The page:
He went on to describe what kind of treatment facility would be there. It would be a home serving about 12 men at the most who would be living there sober and receiving treatment, with the option for some children of patients to live their with their fathers. Often, Licht explained, parents who enter into longterm inpatient treatment have to give their children up to the foster care system.
Participants would enter treatment either voluntarily or on the recommendation of a court-ordered assessment, Licht said. The home will only be for recovering addicts who have already detoxed. Participants have to be medically cleared before they are allowed to enter, he said. Anyone with a sex-offender criminal history is not allowed in the program, he added.
People who live around Mile 15 East End Road and attended the meeting had several concerns about the inpatient treatment home being there. Their main questions were:
• Where did the money to fund the creation of the treatment facility come from?
• How many people will be in the home?
• Will the home have to be up to State Fire Marshal standards?
• What kind of security will the facility have?
• Where will the patients at the facility come from? What percentage of them will be from the Homer area?
• How many people complete treatment with Set Free Alaska?
• What happens with the people who choose the leave the program?
Licht had the following answers to those questions:
• Funding is from a combination of Set Free Alaska’s own general fund money, donations and grants from the Alaska Department of Health and Social Services, and the Alaska Mental Health Trust Authority. The DHSS grant is a one-time grant specifically for the purposes of getting the Homer facility up and running.
• There will be 12 male patients and up to two children of patients, plus staff.
• Yes. Set Free Alaska has to have the building inspected by the State Fire Marshal and implement any changes needed based on that inspection.
• All doors and windows in the home/facility will be armed with a security system, including security cameras. Participants are monitored by a 24/7 wake staff and cannot leave the home without a chaperone during the early part of the program. Clients will be transported by staff members to and from town for appointments and other needs.
• Patients come from referrals from other treatment programs in the state. People can also come to Set Free Alaska by hearing about it from a friend, loved one, or service in the community that is connected to addiction treatment. Licht said he anticipates about 50% of the participants will come from the Homer area.
• Licht said about 50% of people in Set Free’s current inpatient treatment program end up graduating from that program. The statewide average for residential treatment completion is approximately 35%, he said.
• When patients chose to leave the inpatient treatment program, Licht said staff members help facilitate them leaving. That is, they arrange rides or flights to help get those people back to where they came from, or to the place they want to go.
“You can understand that, you know, out here in the middle of nowhere, it’s not your 50% success rate that we’re worried about,” said one concerned resident. “It’s the 50% that are going to leave that we worry about.”
Beyond questions, several of the people at the meeting said they still had lingering concerns about an inpatient treatment facility for men being in their neighborhood. Their main concerns were:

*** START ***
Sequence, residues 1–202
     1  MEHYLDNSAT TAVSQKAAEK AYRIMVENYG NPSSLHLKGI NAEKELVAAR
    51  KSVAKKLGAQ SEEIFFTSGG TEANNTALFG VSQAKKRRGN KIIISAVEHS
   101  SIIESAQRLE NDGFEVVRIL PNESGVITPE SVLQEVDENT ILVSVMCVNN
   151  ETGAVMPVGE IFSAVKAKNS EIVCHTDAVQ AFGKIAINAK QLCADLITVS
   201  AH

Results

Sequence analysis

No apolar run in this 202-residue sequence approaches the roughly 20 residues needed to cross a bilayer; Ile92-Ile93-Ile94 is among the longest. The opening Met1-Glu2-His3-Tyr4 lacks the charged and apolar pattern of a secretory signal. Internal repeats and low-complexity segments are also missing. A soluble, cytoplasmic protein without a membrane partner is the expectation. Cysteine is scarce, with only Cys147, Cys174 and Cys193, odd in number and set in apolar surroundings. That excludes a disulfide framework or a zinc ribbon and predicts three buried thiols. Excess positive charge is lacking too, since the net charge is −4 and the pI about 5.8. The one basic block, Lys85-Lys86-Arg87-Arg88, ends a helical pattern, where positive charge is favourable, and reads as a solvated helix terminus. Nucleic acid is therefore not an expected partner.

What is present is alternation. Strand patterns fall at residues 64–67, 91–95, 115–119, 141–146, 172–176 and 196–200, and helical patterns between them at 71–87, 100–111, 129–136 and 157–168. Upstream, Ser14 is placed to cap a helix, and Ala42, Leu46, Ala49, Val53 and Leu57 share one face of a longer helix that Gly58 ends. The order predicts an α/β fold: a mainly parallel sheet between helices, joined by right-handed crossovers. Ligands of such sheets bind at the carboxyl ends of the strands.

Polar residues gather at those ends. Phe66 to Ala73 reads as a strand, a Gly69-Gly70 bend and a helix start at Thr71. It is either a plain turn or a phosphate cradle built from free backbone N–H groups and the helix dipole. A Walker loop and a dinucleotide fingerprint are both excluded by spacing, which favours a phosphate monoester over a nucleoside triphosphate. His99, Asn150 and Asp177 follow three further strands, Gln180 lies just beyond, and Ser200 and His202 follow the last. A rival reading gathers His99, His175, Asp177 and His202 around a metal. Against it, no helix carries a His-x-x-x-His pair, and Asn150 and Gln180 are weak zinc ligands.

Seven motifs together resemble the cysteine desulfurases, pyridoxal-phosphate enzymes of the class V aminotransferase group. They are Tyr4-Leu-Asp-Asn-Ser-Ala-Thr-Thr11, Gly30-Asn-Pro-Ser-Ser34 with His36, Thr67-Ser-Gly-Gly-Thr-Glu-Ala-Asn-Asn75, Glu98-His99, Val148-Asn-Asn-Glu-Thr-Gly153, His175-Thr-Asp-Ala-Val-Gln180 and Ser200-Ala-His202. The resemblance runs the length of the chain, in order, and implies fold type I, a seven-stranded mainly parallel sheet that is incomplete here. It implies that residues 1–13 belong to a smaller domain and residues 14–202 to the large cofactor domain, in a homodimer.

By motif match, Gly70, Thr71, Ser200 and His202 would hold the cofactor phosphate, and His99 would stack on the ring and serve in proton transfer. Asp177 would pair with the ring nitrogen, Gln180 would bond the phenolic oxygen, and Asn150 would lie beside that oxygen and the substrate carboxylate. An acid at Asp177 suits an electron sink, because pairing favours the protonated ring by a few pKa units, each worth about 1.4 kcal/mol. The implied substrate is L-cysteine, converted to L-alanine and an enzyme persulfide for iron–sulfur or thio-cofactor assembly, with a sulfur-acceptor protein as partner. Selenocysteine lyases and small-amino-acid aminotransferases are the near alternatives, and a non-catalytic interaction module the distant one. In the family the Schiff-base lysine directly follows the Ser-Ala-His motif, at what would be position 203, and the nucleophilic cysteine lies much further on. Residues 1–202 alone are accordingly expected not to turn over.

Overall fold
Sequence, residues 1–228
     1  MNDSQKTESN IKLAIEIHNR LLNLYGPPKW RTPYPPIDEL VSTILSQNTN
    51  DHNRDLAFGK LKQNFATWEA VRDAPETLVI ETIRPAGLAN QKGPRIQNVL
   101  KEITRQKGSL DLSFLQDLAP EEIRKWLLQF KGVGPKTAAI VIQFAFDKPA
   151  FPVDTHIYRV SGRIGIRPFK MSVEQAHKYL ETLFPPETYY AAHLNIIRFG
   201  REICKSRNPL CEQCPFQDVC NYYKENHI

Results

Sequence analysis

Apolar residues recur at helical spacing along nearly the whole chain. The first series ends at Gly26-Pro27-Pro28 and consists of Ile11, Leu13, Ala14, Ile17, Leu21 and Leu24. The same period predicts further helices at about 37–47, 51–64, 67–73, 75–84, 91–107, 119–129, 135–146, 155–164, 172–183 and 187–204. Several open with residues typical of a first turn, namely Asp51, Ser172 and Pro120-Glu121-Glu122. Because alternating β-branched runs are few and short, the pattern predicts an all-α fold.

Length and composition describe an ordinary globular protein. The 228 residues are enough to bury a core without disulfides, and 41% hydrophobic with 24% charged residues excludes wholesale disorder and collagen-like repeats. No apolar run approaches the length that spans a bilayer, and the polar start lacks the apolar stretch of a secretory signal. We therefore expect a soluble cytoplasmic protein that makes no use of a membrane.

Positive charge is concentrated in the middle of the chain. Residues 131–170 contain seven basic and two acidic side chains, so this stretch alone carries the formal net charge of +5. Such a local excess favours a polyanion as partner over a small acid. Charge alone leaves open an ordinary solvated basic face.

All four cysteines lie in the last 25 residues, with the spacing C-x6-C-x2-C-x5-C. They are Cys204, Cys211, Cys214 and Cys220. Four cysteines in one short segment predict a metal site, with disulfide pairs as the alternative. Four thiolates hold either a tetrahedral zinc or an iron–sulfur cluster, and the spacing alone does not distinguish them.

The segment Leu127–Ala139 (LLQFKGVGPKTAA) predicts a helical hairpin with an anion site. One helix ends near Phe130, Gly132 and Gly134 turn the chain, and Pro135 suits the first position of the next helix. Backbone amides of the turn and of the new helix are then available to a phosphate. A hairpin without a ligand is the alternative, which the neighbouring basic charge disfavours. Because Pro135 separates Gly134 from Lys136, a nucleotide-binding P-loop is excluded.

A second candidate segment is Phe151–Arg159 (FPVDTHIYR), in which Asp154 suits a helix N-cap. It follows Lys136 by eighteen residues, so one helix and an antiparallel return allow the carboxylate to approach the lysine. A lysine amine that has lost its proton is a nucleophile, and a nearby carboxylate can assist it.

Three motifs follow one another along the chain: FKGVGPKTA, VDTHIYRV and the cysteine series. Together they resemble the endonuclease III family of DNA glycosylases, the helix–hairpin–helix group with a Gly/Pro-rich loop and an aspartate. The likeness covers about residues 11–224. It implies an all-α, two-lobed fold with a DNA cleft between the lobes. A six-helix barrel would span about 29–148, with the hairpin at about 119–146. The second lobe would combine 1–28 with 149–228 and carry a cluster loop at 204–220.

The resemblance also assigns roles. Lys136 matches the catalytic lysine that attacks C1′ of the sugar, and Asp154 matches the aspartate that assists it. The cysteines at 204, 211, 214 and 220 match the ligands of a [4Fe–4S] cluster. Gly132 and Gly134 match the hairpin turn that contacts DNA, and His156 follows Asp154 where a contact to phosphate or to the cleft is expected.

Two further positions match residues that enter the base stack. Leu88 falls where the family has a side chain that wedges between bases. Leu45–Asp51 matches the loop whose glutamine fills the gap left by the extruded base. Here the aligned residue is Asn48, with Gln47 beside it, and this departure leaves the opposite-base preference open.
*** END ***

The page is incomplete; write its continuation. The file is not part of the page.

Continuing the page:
• That the property values of their homes will go down because of the facility’s presence.
• That safety will be an issue and that their homes will be at risk of being broken into by patients who choose to leave the program.
• That authorities and emergency services resources are far away in the case that the facility ever needed to call for help in an emergency.
• That the facility will greatly increase traffic in the area through people “coming and going.”
• That the facility is not the right fit for their residential community.
Following the meeting, Berry said his own concerns about the project had not been alleviated by the conversation.
Area resident Libby Riddles said she sees a big difference between the property being used as a lodge for tourists and as a full time facility.
“I think it’s great what you guys are doing; it just doesn’t fit into this neighborhood,” she said at the meeting. “It doesn’t add a single positive thing to this neighborhood. It makes the property values go down, the safety go down, the stress go up, people coming and going, light pollution.”
Set Free Alaska is in an earnest money agreement with the owners of Timber Bay Bed and Breakfast, awaiting an appraisal, Licht said.
“We have every intention of moving forward on this program,” he said.
Should the facility come to fruition, Set Free Alaska would connect clients with outpatient services within the city of Homer. Licht said the organization has signed a lease for administrative and outpatient space in the city that will also be remodeled.
Terry Jones spoke about Homer’s addiction issue as a 50-year resident of the area who is 32 years sober.
“Everybody wants somebody to do something,” she said. “Just not in our neighborhood. That’s exactly what you’re hearing here. Don’t do it in our neighborhood because it might inconvenience us.”
Jones said she, too, has her own concerns about the project.
“I also know that if there’s any hope of saving one person — we just had a young man die of an overdose … less than a week ago,” she said. “If there’s hope of saving one through this facility … would you rather bury them or have them walk out of here well and whole?”
Reach Megan Pacer at firstname.lastname@example.org.
This article has been updated to correct that Homer resident Frank Griswold submitted a notice of appeal to the city about a Planning Commission decision.